Wool is a traditional quilt material, though since cotton became available in abundance, the time of woolen patchwork quilt came to an end. Still lots of woolen quilts were made in the 19th century, one of my favourite kind-the Crimean quilt. One more favourite-Irish tweed quilt and one can't be indifferent to the beauty of simple Welsh quilts with elaborate hand quilting and stunning contrasting colours.I made examples of the latter two last year.
The exhibition "Welsh-Amish connection" in Birmingham this year showed beautiful woolen quilt from Wales.
But what is absolutely not typical for quilting -is knitted wool because it stretches easily. Only with the invention of stabilizers of all kinds it has become possible to make quilts from T-shirts, sweaters and other very flexible fabrics. I was a keen knitter about 15-25 years ago, and both of my children loved their sweaters, mittens and scarves. I still do knit an occasional scarf for my daughter who can't get used to the idea of buying them. I was particularly proud of my jacquard sweaters, I even invented patterns for most of them.
Now you understand why I loved Czech exhibition. The theme was "Wool" and most of the quilters didn't just use woolen fabrics, they incorporated knitted and felted fragments in their quilts. I particularly loved this quilt of Jana Haklova.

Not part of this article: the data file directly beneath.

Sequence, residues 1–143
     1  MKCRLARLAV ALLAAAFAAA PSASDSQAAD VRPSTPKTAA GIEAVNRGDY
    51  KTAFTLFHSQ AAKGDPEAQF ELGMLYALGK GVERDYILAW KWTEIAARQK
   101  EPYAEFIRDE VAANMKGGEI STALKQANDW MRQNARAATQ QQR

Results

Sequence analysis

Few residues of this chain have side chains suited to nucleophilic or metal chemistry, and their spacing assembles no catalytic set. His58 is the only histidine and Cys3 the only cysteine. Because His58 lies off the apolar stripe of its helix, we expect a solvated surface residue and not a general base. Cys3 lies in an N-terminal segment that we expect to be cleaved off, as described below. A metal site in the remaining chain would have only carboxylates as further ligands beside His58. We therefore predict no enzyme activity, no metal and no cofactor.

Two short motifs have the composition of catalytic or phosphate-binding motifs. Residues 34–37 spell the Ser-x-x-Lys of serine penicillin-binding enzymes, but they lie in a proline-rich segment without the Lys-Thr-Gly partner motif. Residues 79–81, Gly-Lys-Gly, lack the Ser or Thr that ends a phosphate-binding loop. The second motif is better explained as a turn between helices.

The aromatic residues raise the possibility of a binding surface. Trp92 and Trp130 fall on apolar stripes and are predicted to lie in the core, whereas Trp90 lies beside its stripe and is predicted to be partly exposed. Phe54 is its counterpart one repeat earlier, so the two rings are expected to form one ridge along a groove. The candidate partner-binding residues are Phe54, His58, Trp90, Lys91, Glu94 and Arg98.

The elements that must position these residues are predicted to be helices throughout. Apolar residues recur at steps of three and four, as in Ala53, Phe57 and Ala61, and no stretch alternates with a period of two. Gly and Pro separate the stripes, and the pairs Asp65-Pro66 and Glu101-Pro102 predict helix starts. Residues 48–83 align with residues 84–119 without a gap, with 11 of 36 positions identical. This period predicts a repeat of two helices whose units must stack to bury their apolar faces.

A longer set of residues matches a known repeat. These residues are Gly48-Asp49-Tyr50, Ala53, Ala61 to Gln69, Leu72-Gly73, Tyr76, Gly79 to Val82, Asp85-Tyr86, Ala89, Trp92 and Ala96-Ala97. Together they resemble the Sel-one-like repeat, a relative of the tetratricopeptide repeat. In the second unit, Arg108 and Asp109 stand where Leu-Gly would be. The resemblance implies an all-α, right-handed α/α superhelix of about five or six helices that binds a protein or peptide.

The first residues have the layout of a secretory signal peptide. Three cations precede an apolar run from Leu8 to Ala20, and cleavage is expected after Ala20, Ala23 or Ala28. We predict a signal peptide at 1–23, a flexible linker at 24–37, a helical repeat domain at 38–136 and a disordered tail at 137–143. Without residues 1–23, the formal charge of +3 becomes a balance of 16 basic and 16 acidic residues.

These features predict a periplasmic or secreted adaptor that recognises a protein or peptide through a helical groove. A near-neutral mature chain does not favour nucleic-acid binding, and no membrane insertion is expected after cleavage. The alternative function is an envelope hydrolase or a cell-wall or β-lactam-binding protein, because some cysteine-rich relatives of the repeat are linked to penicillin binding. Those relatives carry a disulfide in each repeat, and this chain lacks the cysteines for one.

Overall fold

Beautiful colours, thick knitted woolen squares contrasting the surface of the quilt, cosy and contemporary at the same time.
A couple of more photos with pretty and clever use of woolen details. Jana Lalova:
I immediately started making plans for a couple of knitted sweaters I don't wear anymore. My plan is to wash them first in a washing machine to felt the threads a little, then cut the sweaters into pieces and then .. I don't know yet what I'll do but I want to make something with knitted wool for my Module 3.